Brexit died a long time before it was implemented as a little-loved zombie by the Johnson government. Any hope of forming some sort of national agreement was wrecked by Theresa May declaring that Brexit meant hard Brexit, leaving the single market and customs union – something that much of the Leave campaign said wouldn't happen. But it was the opposition that she stirred that killed it off. The largest pro-European movement in Europe took to the streets, the majority turned against Brexit in the polls, and all hope of a consensual politics, without which such a radical and complex change is impossible, was gone. Instead, Brexit became a theatre for right-wing Tory zealots, cosplaying nationalists, and a handful of deluded Lexiters. The opposition hasn't gone away.
And now Brexit is here. Two weeks into it, rather than sunlit uplands, we are looking at a rain-sodden valley. It's hard to know where to start, but we should remember that what will get to most people is not the big national issues but the small personal costs and inconveniences. They are already accumulating. According to polls, the majority think Brexit was a mistake, the number who still support it is shrinking to no more than a third of the electorate. And it is at this moment that the leader of the opposition has decided that it's inviolate. His positioning is strategic, but I have to wonder about the strategy, especially in Scotland.
Starmer's caution and reticence has meant it has taken Tony Blair to give a clear indication of where this thinking is coming from. I was never a Blairite, though after the Cameron/May/Johnson horror story I began to think more kindly of him. Now, I can remember why I had my reservations. He's a convincing political storyteller, but it's the story that's a problem. His narrative is an amalgam of generalities and conventional wisdom, a sort of lyrical management textbook. It's vacuous. In his Chatham house speech he returned to a familiar rhetorical formula:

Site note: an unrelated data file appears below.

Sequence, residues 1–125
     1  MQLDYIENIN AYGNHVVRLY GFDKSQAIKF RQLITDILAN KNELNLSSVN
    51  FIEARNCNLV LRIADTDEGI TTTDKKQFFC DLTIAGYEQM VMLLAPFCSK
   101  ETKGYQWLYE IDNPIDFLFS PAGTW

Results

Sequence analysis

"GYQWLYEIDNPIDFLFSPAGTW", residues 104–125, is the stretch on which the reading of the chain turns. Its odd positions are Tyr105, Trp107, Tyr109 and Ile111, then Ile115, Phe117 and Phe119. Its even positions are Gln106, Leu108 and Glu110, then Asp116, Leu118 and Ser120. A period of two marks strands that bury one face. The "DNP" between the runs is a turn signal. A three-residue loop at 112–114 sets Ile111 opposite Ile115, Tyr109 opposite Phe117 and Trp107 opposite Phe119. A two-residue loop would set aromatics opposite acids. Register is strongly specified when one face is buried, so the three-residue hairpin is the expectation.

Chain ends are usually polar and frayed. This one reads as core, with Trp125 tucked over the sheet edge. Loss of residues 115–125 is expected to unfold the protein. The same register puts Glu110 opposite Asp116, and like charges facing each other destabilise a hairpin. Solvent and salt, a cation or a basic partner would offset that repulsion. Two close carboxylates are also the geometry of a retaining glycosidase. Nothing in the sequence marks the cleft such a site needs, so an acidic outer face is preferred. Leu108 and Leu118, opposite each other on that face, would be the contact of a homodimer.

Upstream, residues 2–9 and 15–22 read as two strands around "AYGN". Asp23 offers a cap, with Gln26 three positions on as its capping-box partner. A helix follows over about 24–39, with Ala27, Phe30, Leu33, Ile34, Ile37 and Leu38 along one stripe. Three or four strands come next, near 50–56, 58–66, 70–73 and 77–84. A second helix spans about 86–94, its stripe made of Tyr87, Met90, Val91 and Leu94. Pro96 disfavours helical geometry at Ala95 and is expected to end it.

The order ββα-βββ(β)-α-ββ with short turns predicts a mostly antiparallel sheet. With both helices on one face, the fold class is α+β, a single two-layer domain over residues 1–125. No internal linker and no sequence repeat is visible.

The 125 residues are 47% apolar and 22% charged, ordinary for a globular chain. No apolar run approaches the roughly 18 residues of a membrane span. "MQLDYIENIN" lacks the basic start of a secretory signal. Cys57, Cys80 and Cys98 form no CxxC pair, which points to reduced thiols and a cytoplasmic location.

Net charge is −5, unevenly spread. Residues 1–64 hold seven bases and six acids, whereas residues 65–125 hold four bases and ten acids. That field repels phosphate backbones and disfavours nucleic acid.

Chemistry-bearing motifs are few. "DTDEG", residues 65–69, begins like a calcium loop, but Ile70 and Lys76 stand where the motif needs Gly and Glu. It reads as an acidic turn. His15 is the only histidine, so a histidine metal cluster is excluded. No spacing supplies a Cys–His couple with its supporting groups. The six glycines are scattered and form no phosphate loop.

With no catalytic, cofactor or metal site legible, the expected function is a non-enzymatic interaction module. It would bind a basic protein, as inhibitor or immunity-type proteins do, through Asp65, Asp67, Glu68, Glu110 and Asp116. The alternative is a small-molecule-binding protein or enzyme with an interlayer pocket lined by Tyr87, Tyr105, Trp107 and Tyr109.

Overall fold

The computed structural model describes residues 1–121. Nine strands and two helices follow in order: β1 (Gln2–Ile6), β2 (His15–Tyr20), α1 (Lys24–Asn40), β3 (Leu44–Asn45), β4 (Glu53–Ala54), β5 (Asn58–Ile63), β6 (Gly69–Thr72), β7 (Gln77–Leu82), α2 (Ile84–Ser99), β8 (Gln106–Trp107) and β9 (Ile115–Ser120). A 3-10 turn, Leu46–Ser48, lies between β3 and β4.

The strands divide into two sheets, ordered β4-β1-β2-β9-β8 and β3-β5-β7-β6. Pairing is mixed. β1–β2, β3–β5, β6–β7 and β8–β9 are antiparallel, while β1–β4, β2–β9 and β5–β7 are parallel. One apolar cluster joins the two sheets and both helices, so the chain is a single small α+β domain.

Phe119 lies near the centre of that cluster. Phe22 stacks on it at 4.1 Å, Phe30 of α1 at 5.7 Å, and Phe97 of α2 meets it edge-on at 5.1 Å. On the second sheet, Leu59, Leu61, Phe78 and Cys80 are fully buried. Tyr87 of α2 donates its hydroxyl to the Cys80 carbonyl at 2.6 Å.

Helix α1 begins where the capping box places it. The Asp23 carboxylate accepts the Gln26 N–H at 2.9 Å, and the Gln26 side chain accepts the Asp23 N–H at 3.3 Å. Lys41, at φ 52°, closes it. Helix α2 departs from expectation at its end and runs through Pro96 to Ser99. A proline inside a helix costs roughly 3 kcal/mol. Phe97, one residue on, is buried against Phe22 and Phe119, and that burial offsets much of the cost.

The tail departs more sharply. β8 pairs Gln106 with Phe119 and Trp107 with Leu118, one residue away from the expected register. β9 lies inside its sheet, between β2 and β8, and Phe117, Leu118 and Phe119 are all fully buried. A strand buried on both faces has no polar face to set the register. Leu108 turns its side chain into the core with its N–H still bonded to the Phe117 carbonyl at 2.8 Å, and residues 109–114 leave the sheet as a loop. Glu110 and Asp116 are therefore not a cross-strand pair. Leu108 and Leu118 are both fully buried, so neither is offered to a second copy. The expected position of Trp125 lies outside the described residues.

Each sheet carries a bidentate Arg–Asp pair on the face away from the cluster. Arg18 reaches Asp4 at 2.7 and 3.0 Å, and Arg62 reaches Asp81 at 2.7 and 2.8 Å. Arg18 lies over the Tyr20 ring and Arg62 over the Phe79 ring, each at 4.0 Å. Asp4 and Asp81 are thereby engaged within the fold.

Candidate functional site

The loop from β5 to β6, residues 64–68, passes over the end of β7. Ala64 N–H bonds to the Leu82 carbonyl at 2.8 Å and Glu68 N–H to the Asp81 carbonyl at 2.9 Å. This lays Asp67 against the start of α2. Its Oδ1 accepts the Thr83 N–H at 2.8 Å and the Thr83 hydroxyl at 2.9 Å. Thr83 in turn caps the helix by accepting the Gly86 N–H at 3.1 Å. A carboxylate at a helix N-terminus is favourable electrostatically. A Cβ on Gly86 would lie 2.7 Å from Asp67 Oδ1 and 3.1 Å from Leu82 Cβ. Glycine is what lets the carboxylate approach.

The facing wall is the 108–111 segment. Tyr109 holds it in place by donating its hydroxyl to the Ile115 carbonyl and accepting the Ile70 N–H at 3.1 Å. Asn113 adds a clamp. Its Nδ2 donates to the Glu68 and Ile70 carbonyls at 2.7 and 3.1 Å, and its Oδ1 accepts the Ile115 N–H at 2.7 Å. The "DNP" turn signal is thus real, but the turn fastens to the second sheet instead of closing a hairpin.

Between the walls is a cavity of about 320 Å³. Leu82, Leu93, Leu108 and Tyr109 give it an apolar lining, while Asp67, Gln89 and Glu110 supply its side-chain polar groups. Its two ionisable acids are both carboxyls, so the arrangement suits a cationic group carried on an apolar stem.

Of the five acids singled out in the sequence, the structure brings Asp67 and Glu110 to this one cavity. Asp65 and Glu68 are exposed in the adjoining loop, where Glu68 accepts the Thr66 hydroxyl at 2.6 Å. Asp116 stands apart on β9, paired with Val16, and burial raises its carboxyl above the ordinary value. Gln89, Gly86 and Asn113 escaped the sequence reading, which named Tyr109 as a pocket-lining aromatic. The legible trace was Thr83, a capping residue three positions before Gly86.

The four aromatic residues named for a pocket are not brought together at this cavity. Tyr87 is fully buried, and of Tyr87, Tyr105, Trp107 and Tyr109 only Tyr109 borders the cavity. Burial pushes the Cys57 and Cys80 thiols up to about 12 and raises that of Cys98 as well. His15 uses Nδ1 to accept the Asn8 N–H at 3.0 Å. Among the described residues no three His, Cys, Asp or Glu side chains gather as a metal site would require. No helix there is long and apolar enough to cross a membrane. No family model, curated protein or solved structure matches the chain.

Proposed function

... we should make a virtue of necessity and see in Brexit’s consequences, an opportunity and an obligation to renew our country and its place in the world
It is no longer: ‘Leave or Remain’ but ‘Change or Decline’.
[Brexit is] a catalyst for change which is necessary even without Brexit and could have been done without doing Brexit, but which, by the challenge it poses, Brexit somehow enables.
He starts by saying that Brexit is a mistake, but then produces a rehashed 'Global Britain' Brexiter argument, reconciling himself to it.
And this is his aim:
... if a return to Europe is ever to be undertaken by a new generation, Britain should do it as a successful nation Europe is anxious to embrace, not as supplicant with no other options.This is like an unfaithful husband; dump the wife, be a bloody nuisance settling the divorce, go away, get a better job, and then return saying, ' OK, I've come back to you, aren't you the lucky one.' I think I know what the answer might be.
He's wallowing in the Brexiter nostalgia that Robert Saunders describes
... a story that reduces empire to an expression of British power, rather than its source. The myth it fuels is not that empire can return, but that it hardly mattered in the first place: that Britain can flex its muscles on the world stage without the sinews of imperial power.
This dream is a chimera. However successful Britain is in the international arena, Europe will be what it has always been, our main trading partner and where our most important strategic interests lie. It's inescapable. This isn't new. EU membership resolved difficult structural problems. We have now reimposed them and compounded them by adding extensive barriers to trade, which we had spent the last forty years removing. We have chosen to disadvantage ourselves against every other European nation.
Structural problems cannot be overcome by vapid calls for "unifying values, clarity of thinking, competence and delivery." Opposing the rancid politics of Brexit is not "outdated ideology." We cannot escape geography, history and economics. Reality always wins and is not going away. The Labour Party standing for doing something stupid more competently than the Tories, even as it becomes more and more unpopular, is not wise.
The relationship with Europe is the single most important issue facing the country today. It isn't going to disappear. Our economies are interdependent. Close ties are integral to European security. Both the EU and the UK have lost. Brexit is as damaging as it is pointless. We are now locked into a process of continual negotiation and renegotiation to manage these mutual interests. Brexit has scarcely begun. Now is not the time to pretend that it's over.
No, when Britain returns, as self-interest insists it will, it will be as the penitent, not the supplicant. Brexit was a hostile act - intentionally. It has hurt other countries, it has particularly damaged Ireland and put the peace process at risk. Any hope of return means rejecting convincingly the radical right-wing populism that produced it. It seems that the majority of the people have. It's about time the opposition followed and spoke for the national interest.